We Have Nothing To Hide —NIMASA

The Nigerian Maritime Administration and Safety Agency (NIMASA) has attempted to douse the growing concern among agitated ship owners over the aborted salvage exercise of beached vessels.

The Agency had awarded a mouth-watering contract for the salvaging and re-floating of the 14 vessels washed ashore near Takwa Bay in Lagos early this year for the sum of $1.7million (about N255million) to Atlantic Marine Services AMS-BP joint venture.

The company only salvaged four of the distressed vessels and left the site after 14 days.

Tongues started to wag that the exercise was a fraud as members of the Indigenous Ship Owners Association (ISAN), especially owners of the grounded vessels, queried the wisdom of spending the collosal amount of money to salvage only four out of the 14 that were washed ashore.

But Ms Ego Nwokocha, the Public Affairs Director of the Agency absolved the management of NIMASA of any complicity in the award of the contract.

In an exclusive chat with P.M.NEWS, Nwokocha disclosed that award of the contract followed due process and that the selected contractor, Atlantic Marine Services, quoted the least amount of money among those who put in bids for the job.

She also explained that people should not be mischievous in their insinuations, adding that the seeming staggering amount of money for the contract was due to the highly technical nature of the exercise and the specialised nature of the equipment used which she said had to be sourced abroad and paid for on used numbers of days, thus explaining why the contract terms were based of number of days and not number of vessels salvaged.

The NIMASA spokesperson further revealed the exercise is an on-going one and  that the agency had already submitted the report of the first exercise to the Ministry of Transport.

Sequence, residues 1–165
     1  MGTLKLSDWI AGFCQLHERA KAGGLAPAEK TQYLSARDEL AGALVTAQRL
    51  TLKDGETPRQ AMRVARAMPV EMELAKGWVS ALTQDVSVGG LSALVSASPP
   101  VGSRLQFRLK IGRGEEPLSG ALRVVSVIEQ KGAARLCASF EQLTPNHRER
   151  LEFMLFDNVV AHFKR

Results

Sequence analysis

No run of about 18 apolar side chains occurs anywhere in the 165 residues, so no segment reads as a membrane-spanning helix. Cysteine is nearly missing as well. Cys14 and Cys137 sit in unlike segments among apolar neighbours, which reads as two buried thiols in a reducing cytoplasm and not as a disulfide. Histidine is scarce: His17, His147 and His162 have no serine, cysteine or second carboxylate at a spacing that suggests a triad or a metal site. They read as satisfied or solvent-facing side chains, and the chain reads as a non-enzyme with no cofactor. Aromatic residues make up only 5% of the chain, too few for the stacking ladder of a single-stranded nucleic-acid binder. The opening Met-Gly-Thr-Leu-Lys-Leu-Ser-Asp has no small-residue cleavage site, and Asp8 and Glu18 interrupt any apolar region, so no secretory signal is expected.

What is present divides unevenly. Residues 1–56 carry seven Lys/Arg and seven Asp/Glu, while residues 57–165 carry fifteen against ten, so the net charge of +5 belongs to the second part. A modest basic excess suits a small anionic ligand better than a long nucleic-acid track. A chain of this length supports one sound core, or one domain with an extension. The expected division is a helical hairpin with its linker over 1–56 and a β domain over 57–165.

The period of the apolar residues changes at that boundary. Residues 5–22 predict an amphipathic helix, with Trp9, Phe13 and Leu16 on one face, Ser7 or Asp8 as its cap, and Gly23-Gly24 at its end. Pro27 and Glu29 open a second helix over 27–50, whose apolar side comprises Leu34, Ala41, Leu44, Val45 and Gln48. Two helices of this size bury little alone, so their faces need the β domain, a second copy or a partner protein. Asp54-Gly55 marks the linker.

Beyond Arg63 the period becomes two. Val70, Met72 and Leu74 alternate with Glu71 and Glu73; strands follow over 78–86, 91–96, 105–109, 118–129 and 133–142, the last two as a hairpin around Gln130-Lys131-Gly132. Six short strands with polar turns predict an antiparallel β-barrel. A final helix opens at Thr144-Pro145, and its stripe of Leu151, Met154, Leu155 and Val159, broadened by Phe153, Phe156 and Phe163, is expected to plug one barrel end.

Nwokocha allayed the fears of owners whose vessels were yet to be salvaged as the agency was awaiting the approval of the second phase of the exercise.

She, however, lashed out at the impatient ship owners whose ships are still aground and are crying blue murder, to go and rescue the vessels themselves.

“All the beached vessels would be salvaged, but if any of the owners is in a hurry, they can embark on the salvage exercise themselves. After all, we asked them before the exercise if any of them could salvage the ones that belong to them. But because NIMASA has the statutory responsibility to clear the channel of any encumbrance for easy navigation, we have taken it upon ourselves to salvage the beached vessels,” Nwokocha declared.

She also disclosed that the agency intended to show a 30-minute documentary on the rescue operation to explain the enormity of the exercise and equally disabuse the minds of critics.

—Esther Komolafe

1 COMMENT

  1. The easiest way to sort out the problem is to attach cable to a tug boat, tow the ships to the middle of the Atlantic and blow them up since the ship owners are unwilling to contribute and uninterested

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